Functional association between α4β1 integrin and VEGFR2 in CLL cells. (A) 2′,7′-Bis-(2-carboxyethyl)-5-(and-6)-carboxyfluorescein acetoxymethyl ester (BCECF-AM)–labeled MEC-1 cells (3 independent experiments) or primary CLL cells from 3 patients (P4, P9, P10) were added to wells coated with the indicated concentrations of VEGF. After 60 minutes at 37°C, attached cells were quantified using a fluorescence analyzer. (B) MEC-1 cells (3 independent experiments) or primary CLL cells (P1, P4, P5, P9), with or without previous incubation with the indicated inhibitors, were added to wells coated with 5 μg/mL VEGF and adhesion was quantified as explained. Values represent the percentage of the total number of cells added. (C-D) A total of 15 × 106 MEC-1 cells (C) or primary CLL cells (D; P4) were serum-starved for 2 hours and treated or not with 50 ng/mL soluble VEGF for 15 minutes. Cells were lysed, immunoprecipitated (IP) with anti-α4, anti-VEGFR2 (VR2), or control (Ctrol) Abs and analyzed by western blotting. The total lysate for each condition was also analyzed by western blotting. Numbers indicate the ratio of immunoprecipitated protein with respect to the amount of that protein in the total lysate. (E) Primary CLL cells (P2, P5, P11) were cultured (2 hours, 37°C) on glass coverslips coated with 10 μg/mL poly-l-lysine (control, top panels) or 5 μg/mL VEGF (bottom panels). Cells were fixed and analyzed by confocal microscopy using the indicated primary Abs and Alexa 568– or Alexa 488–labeled secondary Abs. Colocalization of α4 integrin (green) and VEGFR2 (red) was further demonstrated by dot-plot analyses and quantified by the Pearson correlation coefficient. Scale bar, 4 µm. Confocal images for P11 and average values for the 3 patients analyzed ± standard error of the mean (SEM) are shown. *P < .05; **P ≤ .01; ***P ≤ .001.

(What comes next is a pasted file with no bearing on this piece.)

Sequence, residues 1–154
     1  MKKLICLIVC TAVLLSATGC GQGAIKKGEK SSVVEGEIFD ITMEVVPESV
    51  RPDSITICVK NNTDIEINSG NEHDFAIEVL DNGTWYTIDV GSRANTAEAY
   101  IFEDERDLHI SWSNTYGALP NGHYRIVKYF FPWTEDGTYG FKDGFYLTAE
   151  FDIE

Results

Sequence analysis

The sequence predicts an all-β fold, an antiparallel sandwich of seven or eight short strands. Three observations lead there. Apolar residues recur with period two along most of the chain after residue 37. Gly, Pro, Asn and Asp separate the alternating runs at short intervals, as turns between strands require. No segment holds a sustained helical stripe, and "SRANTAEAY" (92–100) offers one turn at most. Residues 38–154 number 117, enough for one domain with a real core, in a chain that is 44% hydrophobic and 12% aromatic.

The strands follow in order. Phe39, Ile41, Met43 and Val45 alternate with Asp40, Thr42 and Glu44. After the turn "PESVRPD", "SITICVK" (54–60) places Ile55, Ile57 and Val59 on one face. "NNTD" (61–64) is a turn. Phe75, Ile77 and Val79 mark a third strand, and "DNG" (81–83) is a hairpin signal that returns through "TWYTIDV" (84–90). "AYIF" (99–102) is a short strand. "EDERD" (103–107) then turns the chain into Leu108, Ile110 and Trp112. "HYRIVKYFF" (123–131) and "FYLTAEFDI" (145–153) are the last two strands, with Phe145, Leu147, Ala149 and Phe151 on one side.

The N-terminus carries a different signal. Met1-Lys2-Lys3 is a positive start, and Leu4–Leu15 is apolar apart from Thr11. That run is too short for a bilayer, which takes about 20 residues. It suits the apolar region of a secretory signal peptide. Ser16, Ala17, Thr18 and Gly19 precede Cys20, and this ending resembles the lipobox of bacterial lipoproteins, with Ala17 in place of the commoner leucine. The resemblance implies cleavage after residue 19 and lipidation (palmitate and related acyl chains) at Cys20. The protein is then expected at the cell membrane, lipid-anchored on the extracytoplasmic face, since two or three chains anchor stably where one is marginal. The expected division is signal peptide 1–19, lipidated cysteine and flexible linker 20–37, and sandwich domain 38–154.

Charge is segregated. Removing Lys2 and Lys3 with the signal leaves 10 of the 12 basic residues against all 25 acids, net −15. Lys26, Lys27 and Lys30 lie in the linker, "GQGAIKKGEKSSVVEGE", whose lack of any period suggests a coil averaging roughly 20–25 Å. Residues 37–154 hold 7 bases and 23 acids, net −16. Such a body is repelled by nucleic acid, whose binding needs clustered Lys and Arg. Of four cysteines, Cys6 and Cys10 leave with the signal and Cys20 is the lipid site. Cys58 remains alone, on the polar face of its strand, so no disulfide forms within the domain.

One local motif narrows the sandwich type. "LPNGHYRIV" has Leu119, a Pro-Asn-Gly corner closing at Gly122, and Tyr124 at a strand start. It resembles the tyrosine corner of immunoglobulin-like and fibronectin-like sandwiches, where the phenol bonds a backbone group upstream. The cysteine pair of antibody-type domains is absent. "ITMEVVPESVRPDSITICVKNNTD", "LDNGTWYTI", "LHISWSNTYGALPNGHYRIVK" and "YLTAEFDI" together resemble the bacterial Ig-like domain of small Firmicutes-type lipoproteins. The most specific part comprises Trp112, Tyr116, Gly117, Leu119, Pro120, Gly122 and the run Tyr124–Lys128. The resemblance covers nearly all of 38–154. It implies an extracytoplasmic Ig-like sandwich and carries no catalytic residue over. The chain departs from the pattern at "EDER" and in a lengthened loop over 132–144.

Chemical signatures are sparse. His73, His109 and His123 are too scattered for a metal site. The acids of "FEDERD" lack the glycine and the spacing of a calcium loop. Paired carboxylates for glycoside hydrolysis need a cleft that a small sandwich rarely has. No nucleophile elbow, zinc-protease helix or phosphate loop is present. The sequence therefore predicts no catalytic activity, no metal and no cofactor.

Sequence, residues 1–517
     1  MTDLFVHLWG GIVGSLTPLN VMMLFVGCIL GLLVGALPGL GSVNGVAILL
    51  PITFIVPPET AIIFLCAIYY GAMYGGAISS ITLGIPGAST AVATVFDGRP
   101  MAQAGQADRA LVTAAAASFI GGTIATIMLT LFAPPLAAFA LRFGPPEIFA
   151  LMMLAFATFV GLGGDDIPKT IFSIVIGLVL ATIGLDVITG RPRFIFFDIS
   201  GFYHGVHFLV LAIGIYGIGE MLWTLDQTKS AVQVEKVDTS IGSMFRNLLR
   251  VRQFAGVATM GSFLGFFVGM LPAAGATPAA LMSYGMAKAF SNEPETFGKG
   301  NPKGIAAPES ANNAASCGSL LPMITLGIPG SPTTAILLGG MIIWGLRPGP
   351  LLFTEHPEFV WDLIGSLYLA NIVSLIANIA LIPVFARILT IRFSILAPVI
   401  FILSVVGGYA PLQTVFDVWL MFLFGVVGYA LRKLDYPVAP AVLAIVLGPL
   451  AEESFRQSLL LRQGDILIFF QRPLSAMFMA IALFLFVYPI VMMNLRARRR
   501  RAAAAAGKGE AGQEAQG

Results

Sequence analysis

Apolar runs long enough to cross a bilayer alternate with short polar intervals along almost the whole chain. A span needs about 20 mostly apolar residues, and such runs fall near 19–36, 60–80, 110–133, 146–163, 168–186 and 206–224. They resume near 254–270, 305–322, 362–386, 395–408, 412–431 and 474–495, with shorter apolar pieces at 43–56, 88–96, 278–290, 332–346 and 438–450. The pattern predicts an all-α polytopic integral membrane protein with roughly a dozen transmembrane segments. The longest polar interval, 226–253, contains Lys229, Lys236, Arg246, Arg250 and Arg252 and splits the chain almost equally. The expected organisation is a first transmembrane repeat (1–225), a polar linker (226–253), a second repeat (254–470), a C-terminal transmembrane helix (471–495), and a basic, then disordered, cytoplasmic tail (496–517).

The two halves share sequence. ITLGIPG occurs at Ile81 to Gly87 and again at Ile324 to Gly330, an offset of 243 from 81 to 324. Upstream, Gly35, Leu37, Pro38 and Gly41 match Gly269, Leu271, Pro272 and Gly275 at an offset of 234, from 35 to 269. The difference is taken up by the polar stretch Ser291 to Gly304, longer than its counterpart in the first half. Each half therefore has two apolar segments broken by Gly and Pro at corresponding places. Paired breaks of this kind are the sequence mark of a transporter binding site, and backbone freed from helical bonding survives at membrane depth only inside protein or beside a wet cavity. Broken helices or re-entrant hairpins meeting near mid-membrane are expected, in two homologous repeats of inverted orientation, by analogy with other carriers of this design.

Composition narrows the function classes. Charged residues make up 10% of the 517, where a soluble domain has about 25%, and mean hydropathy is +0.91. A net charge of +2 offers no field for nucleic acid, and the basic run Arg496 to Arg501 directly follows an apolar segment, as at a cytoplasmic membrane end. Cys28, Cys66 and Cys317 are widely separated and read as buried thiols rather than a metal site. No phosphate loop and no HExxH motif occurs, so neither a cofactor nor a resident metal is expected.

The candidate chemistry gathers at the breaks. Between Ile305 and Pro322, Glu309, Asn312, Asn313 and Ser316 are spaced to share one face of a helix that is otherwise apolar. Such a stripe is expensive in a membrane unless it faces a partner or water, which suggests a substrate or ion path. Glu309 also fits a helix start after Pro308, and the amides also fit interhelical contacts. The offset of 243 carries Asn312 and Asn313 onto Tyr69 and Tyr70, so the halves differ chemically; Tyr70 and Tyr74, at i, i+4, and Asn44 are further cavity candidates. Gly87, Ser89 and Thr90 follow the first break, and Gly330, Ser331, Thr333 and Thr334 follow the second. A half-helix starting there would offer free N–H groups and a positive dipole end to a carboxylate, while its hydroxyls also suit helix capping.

These results suggested that α4β1 cooperated with VEGFR2 for binding to VEGF. To confirm this, we initially used K562-α4 cells, which express α4β1 integrin but lack VEGFR2,18  confirmed by quantitative polymerase chain reaction analyses using human umbilical vein endothelial cells and MEC-1 cells as controls (supplemental Figure 3A). K562-α4 cells did not attach to any concentration of VEGF, albeit they did to FN-H89 (supplemental Figure 3B). Additionally, CLL samples expressing VEGFR2 but with negative or very low α4β1 expression (P6, P7, P8; supplemental Table 1) did not significantly attach to VEGF, and adhesion to FN-H89 was very low (supplemental Figure 3C).